See Something? Say Something.
Sometimes I am completely oblivious in my day-to-day life about things that happen right in front of me to other people. I suppose this is the privilege of being white. I’m still ‘just a woman,’ so I witness the injustices served upon women on a daily basis. Heck, I even experienced the injustice personally.
But that’s a different kind of prejudice and what I’m about to talk about is obvious and blatant racism.
During this past summer I was standing in line at the cashier of my favorite grocery store, waiting for my turn to pay for my food. I had already placed everything on the conveyor belt and was casually staring at the person in front of me but not with any focus. I’m sure I was daydreaming about being anywhere but in line at a grocery store.
The guy in front of me was an older gentleman, maybe 70 or so. He was white and doughy with short, white hair, and although I can’t recall his clothes, I got the impression he was rather conservative.
The friendly male cashier said to the man, “That’ll be $36.75, please.”
The guy looked at the cashier, looked disgusted, and fumbled through his wallet for the cash.
The cashier waited patiently. I was getting less patient, but that’s my lot in life — to suffer behind people in line who aren’t ready with their cash or credit when it’s their turn to pay.
The customer finally retrieved his money, placed it on the check writing counter and said nothing, the bills blowing in the A/C.
The cashier waited.
The customer grunted and looked down at the money on the counter.
I looked from the old man and then to the cashier and tumbled to the realization that the reason why the old man didn’t want to hand the money to the cashier directly was because he was of Middle Eastern descent. The old man didn’t want to accidentally touch the cashier.
The young cashier seemed to understand at the same second as me, and asked, “Is that money for me?”
The man grunted his affirmation, refusing to speak directly to the cashier.
The cashier smiled and picked up the money from the counter. It seemed he had been through this particular dance before.
Then the cashier got out the dollars for change and tried to hand it back to the man but he nodded that the money should go on the counter.
I was horrified at what was happening right in front of me but I’m not a confrontational person — I will do anything to avoid confrontation but I didn’t want the event to go unacknowledged. It was just so horrible.
The cashier put the man’s change on the check writing counter, and then the man picked up his change, grumbled some passive-aggressive bullshit, ambled toward the exit door, and then it was my turn with the cashier.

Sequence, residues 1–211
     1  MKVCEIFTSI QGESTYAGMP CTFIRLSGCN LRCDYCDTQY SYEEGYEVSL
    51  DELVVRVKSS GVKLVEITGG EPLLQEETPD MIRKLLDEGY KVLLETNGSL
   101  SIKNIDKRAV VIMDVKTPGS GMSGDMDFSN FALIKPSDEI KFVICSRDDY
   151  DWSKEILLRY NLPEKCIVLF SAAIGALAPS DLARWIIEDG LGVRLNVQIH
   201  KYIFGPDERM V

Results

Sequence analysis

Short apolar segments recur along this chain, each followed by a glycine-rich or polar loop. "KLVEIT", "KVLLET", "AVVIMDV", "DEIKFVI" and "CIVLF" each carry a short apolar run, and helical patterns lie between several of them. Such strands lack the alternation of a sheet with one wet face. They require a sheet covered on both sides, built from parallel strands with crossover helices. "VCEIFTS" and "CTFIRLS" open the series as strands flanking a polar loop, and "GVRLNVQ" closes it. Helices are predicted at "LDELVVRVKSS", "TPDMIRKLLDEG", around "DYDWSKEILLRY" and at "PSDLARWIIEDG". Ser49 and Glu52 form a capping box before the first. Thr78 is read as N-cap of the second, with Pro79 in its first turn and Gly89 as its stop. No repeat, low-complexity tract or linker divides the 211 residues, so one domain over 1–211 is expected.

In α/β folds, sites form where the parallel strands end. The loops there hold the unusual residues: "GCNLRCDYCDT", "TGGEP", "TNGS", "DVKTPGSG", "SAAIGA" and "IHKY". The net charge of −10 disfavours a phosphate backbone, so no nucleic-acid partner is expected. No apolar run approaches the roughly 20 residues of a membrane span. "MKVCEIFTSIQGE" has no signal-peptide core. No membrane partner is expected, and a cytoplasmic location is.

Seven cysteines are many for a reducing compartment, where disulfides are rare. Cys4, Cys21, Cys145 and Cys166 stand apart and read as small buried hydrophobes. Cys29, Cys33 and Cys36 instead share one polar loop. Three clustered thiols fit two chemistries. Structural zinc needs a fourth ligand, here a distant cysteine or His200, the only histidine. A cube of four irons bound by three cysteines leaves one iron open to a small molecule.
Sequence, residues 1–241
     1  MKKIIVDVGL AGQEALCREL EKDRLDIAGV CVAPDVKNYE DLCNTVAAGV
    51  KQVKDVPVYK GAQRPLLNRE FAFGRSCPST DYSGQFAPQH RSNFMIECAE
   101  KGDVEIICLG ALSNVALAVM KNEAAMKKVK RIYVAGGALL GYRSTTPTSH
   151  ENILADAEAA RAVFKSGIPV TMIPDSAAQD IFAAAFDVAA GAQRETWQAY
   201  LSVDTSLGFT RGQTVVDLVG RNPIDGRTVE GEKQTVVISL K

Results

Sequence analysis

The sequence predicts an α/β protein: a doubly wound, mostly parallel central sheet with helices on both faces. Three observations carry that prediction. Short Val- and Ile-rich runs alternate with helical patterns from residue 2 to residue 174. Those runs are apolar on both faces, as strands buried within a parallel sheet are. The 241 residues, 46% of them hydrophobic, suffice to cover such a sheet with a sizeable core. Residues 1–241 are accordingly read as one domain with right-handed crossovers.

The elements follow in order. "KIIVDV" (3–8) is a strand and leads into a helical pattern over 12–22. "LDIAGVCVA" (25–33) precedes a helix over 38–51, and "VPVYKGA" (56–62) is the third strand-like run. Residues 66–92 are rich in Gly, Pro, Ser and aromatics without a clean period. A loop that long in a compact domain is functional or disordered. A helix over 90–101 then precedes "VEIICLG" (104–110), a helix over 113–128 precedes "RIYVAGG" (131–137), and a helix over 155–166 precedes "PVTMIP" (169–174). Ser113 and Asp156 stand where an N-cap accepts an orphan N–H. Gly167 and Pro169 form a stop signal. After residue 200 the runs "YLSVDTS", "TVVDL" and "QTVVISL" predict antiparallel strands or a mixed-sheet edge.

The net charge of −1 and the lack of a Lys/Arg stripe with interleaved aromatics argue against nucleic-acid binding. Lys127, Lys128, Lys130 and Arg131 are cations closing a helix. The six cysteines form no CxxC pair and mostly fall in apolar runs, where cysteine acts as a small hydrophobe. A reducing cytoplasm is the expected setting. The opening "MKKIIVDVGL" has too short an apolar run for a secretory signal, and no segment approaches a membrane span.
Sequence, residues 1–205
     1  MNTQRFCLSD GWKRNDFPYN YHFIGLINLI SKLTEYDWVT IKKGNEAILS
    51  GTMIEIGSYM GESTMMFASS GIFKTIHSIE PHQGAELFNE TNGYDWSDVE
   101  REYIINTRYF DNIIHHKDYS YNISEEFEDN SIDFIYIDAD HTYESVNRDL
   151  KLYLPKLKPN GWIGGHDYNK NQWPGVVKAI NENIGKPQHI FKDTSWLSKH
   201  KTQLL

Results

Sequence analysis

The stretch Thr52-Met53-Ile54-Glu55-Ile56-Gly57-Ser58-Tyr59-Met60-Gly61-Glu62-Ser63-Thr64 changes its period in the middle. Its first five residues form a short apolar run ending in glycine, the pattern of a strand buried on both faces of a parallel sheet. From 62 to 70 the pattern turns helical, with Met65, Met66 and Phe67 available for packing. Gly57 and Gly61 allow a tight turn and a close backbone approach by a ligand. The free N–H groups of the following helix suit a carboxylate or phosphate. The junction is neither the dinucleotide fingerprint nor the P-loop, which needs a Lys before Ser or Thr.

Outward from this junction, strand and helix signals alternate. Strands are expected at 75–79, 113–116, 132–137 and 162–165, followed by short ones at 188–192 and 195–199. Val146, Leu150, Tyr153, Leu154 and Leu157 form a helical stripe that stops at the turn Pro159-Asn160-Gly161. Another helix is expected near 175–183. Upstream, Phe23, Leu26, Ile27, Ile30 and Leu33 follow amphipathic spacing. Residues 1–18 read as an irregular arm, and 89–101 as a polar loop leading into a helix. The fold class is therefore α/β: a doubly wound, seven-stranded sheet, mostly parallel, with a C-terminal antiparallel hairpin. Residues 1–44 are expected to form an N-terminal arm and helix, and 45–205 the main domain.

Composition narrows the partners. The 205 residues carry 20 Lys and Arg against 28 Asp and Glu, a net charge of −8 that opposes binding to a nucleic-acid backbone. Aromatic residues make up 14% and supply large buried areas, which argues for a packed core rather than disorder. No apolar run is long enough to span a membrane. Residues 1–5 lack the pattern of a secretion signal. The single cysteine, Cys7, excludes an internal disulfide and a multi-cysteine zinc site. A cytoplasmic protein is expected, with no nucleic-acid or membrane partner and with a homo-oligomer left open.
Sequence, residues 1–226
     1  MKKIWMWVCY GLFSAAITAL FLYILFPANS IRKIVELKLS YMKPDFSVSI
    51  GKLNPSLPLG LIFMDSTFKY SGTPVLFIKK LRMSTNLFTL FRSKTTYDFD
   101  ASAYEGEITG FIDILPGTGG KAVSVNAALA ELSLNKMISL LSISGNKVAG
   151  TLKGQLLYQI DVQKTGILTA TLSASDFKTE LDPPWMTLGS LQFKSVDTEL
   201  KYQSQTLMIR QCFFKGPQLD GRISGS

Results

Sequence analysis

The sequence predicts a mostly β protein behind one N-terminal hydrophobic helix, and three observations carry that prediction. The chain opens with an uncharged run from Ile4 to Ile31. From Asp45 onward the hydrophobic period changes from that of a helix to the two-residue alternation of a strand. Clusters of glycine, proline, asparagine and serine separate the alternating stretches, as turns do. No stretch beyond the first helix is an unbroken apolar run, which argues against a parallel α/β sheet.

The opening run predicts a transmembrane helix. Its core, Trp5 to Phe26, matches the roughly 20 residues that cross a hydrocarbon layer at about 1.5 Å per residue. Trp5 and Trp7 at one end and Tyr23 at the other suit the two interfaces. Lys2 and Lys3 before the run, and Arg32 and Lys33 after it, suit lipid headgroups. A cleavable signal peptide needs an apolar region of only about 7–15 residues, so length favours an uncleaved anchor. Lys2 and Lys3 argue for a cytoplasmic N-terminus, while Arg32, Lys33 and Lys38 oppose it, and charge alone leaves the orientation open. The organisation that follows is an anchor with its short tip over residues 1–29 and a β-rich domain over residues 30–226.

The cashier looked at me and greeted me like he didn’t just have a horrible experience, his eyes twinkling, ready for more abuse. His eyes were almost daring me to do something similar.
I gave a hard glance at the old man as he shuffled off and decided not to give the event any credence by talking about what I had just witnessed. Instead, after looking at the cashier’s name tag I commented, “Hey, what a cool name — Sterling. Makes you sound like a movie star.”
Sterling smiled broadly, fully comprehending what I was doing, and we began to chat. I didn’t care how many people behind me had to suffer for my nonstop talk — I just knew I had to make this young man feel better.
He asked me my name, and I replied.
After paying and bagging my groceries, Sterling said the usual, “have a great night,” but with gratitude in his voice.
I smiled and told him to do the same, and then I walked out of the grocery store, knowing I had done my best. Sure, I didn’t talk the old man out of his racism, but I let the young man know that not every white person is an asshole.
A few days went by, and I had to make another trip to the same grocery store. I saw Sterling and waved because it would have been awkward not to — it seemed he remembered me but I wasn’t sure.
He waved back and said, “Hi, Catherine, nice to see you again.” Yep, he remembered me. And he remembered my name every single time I returned to the store, even months after the incident.
All it took to make a difference in one person’s life was to see something/say something, and I didn’t have to do anything I wasn’t comfortable with. I’m not tooting my own horn here, all I’m suggesting is that even if you can’t imagine yourself creating a scene with some racist jerk, you can still make a victim feel a tiny bit better. We all have that ability.
What can you do today that will make the difference in someone’s life — could be a stranger or a friend. We all need connection and the more often we make a connection, the better it is for everyone.
If you see something, say something, and if you can’t say something, then do something.